In these stories, Ray grapples with the terrible hurt we inflict on those we love, and finds that reconciliation, if far off, is at least possible. The debut of a writer who is out to redefine the contours of the American West, American Masculine is a deeply felt and fiercely written ode to the country we left behind.
“Shann Ray writes about small western towns and their residents in tough, poetic, and beautiful ways. I recognize many of these people, and that’s good, but I’m also surprised and stunned by many others, which is great. Buy the book and read it tonight. You’ll love it, too.”
—Sherman Alexie

“Ray’s stories resonate hard and clear, very much word images reflecting the Montana setting of the collection. . . . Almost every story is set under the great blue steel dome of the Montana sky. Almost every story follows a hard man who cannot understand where hardness should end. Almost every story watches as a lonely woman attempts to love such a man without understanding the anger, the hurt and the loneliness beneath the iron. Think Hemingway or Jim Harrison, and know that Ray's collection is the deserving winner of the Bread Loaf Writers' Conference Bakeless Prize.”

—Kirkus Reviews, starred review

During this week's program,Shann Ray will talk about writing, men, and forgiveness. He'll also read from American Masculine, his collection of stories that won the 2010 Bakeless Prize for Fiction.
You can hear the program on the radio or online:

Monday, January 2, 2012

Monday Poems: "Kicking the Habit" — by Lawson Fusao Inada

Late last night, I decided to
stop using English.
I had been using it all day—

talking all day,
listening all day,
thinking all day,
reading all day,
remembering all day,
feeling all day,

and even driving all day,
in English—

when finally I decided to

So I pulled off the main highway
onto a dark country road
and kept on going and going
until I emerged in another nation and . . .

There, the insects
inspected my passport, the frogs
investigated my baggage, and the trees
pointed out lights in the sky,

and I, of course, replied.
After all, I was a foreigner,
and had to comply . . .

Now don’t get me wrong:
There’s nothing “wrong”
with English,

and I’m not complaining
about the language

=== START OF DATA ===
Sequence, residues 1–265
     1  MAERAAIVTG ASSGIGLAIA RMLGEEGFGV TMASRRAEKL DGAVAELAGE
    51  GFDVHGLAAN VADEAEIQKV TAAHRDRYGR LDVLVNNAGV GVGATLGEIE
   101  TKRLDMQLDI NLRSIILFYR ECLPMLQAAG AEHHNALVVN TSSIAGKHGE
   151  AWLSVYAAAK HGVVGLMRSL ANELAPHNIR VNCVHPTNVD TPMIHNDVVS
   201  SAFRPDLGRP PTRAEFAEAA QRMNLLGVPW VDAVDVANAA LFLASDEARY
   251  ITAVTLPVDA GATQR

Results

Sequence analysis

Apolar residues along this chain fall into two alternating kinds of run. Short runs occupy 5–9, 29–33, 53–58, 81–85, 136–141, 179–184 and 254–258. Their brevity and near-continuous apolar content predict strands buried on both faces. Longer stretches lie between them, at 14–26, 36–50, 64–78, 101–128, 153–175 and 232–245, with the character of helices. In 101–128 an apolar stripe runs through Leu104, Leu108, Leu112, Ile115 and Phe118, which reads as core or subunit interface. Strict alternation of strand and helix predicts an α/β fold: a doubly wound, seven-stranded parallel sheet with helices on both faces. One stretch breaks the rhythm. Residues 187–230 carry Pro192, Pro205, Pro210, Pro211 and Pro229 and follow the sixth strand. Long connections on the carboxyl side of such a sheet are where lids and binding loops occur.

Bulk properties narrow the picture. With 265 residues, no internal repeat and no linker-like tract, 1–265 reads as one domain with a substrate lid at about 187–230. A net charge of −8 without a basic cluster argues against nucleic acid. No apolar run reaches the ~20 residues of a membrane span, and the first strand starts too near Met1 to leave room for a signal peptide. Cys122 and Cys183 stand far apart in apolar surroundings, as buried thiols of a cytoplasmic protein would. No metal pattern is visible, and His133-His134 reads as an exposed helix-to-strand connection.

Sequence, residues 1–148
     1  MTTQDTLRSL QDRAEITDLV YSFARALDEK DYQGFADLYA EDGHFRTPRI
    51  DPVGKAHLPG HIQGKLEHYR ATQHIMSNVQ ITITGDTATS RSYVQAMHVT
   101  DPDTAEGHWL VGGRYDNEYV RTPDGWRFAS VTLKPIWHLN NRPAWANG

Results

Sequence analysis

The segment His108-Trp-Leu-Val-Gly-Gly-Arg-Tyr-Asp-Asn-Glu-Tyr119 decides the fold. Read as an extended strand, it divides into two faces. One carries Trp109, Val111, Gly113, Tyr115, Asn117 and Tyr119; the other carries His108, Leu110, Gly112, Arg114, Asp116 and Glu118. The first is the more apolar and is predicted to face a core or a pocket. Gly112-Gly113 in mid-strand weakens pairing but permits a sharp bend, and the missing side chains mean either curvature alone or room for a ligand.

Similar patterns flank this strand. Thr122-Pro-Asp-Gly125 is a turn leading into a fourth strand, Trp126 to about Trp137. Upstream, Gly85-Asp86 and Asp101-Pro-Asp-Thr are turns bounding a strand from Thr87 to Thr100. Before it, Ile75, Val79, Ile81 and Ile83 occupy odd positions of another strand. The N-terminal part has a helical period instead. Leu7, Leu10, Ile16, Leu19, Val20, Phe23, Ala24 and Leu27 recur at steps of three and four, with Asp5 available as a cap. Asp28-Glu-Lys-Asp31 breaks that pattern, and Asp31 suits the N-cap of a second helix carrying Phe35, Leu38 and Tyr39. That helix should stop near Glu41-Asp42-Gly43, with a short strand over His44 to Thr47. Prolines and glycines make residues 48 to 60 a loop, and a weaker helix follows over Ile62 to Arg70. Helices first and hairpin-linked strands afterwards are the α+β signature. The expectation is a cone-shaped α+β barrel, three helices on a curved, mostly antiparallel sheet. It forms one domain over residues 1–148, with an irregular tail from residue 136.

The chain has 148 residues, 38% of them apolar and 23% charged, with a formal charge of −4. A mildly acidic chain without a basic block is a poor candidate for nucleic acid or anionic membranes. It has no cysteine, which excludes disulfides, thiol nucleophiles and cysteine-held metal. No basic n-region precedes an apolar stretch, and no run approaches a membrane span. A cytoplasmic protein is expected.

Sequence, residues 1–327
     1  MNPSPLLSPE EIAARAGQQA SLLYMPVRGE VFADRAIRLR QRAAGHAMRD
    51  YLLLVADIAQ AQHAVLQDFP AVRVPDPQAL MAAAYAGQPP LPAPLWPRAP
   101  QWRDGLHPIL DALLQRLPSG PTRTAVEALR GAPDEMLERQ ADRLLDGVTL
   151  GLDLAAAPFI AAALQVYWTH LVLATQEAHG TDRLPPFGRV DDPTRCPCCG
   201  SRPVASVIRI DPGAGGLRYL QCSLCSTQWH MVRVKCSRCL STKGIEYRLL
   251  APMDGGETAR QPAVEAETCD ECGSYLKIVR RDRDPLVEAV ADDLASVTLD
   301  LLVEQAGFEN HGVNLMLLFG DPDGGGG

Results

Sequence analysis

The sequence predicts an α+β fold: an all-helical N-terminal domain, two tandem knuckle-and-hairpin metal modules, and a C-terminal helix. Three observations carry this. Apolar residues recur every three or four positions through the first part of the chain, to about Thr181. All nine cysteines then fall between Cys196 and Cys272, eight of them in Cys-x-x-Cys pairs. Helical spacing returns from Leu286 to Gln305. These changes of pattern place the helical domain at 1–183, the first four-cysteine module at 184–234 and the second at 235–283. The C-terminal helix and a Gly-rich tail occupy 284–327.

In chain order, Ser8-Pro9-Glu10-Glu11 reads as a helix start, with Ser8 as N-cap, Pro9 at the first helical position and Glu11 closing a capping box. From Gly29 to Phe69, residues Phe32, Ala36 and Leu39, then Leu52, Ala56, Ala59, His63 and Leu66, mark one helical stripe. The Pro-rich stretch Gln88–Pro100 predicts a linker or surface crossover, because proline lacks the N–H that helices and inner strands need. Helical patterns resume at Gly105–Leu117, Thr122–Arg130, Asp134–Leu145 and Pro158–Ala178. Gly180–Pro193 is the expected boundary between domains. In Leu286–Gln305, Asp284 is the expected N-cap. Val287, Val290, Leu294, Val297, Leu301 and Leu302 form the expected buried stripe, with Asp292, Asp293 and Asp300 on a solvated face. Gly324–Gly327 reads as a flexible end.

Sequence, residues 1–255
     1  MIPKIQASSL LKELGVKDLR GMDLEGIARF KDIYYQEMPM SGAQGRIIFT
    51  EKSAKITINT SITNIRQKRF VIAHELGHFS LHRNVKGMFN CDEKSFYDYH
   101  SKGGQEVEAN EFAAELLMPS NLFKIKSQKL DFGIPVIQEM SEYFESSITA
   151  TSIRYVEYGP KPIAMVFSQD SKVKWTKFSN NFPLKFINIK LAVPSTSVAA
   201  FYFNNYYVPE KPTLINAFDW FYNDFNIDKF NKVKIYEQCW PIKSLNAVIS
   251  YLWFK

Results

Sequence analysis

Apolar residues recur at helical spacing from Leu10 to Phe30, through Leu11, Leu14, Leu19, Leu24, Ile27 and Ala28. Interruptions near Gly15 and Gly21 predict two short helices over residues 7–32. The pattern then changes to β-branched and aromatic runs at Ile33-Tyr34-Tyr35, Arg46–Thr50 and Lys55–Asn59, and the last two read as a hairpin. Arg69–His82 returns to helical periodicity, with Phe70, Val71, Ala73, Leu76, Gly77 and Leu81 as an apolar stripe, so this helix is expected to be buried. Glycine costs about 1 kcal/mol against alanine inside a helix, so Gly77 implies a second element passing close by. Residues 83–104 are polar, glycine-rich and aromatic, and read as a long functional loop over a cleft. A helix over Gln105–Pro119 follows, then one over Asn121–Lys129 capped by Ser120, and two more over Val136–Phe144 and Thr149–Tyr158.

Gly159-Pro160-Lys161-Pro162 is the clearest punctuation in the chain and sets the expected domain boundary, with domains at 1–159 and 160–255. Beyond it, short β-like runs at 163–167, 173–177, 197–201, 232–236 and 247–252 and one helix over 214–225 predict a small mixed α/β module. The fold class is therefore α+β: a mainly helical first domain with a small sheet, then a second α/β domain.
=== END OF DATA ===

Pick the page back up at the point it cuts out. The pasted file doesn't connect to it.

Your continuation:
which is my native tongue.
I make my living with the lingo;
I was even in England once.
So you might say I’m actually
addicted to it;
yes, I’m an Angloholic,
and I can’t get along without the stuff:
It controls my life.

Until last night, that is.
Yes, I had had it
with the habit.

I was exhausted,
burned out,
by the habit.
And I decided to
kick the habit,
cold turkey,
right then and there
on the spot!

And, in so doing, I kicked
open the door of a cage
and stepped out from confinement
into the greater world.

Tentatively, I uttered,

“Chemawa?     Chinook?”

and the pines said

“Clackamas, Siskiyou.”

And before long, everything else
chimed in with their two cents’ worth
and we had a fluid and fluent
conversation going,

communicating, expressing,
echoing whatever we needed to
know, know, know . . .

What was it like?
Well, just listen:

Ah, the exquisite seasonings
of syllables, the consummate consonants, the vigorous
vowels of varied vocabularies

clicking, ticking, humming,
growling, throbbing, strumming—

coming from all parts of orifices, surfaces,
in creative combinations, orchestrations,
resonating in rhythm with the atmosphere!

I could have remained there
forever—as I did, a will.
And when I resumed my way,
my stay could no longer be


as they say,
as we say, in English.

For on the road of life,
in the code of life,

there’s much more to red than


there’s much more to green than


and there’s much, much more to yellow than


for as the yellow
sun clearly enunciated to me this morning:

“Fusao. Inada.”

 *     *     *     *     *

Lawson Fusao Inada is an emeritus professor of writing at Southern Oregon University in Ashland and was the fifth poet laureate of the state of Oregon, serving from 2006-2010.

Inada's work has been recognized with fellowships from the National Endowment for the Arts,  the American Book Award, the Oregon Book Award and the Pushcart Prize.

He is the author of three collections of poetry—Legends from Camp, Before the War and Drawing the Line, in which the above poem is included. He is also the coeditor of two ground-breaking anthologies of Chinese American and Japanese American Literature: The Big Aiiieeeee!: An Anthology of Chinese American and Japanese American Literature and Only What We Could Carry: The Japanese American Internment Experience.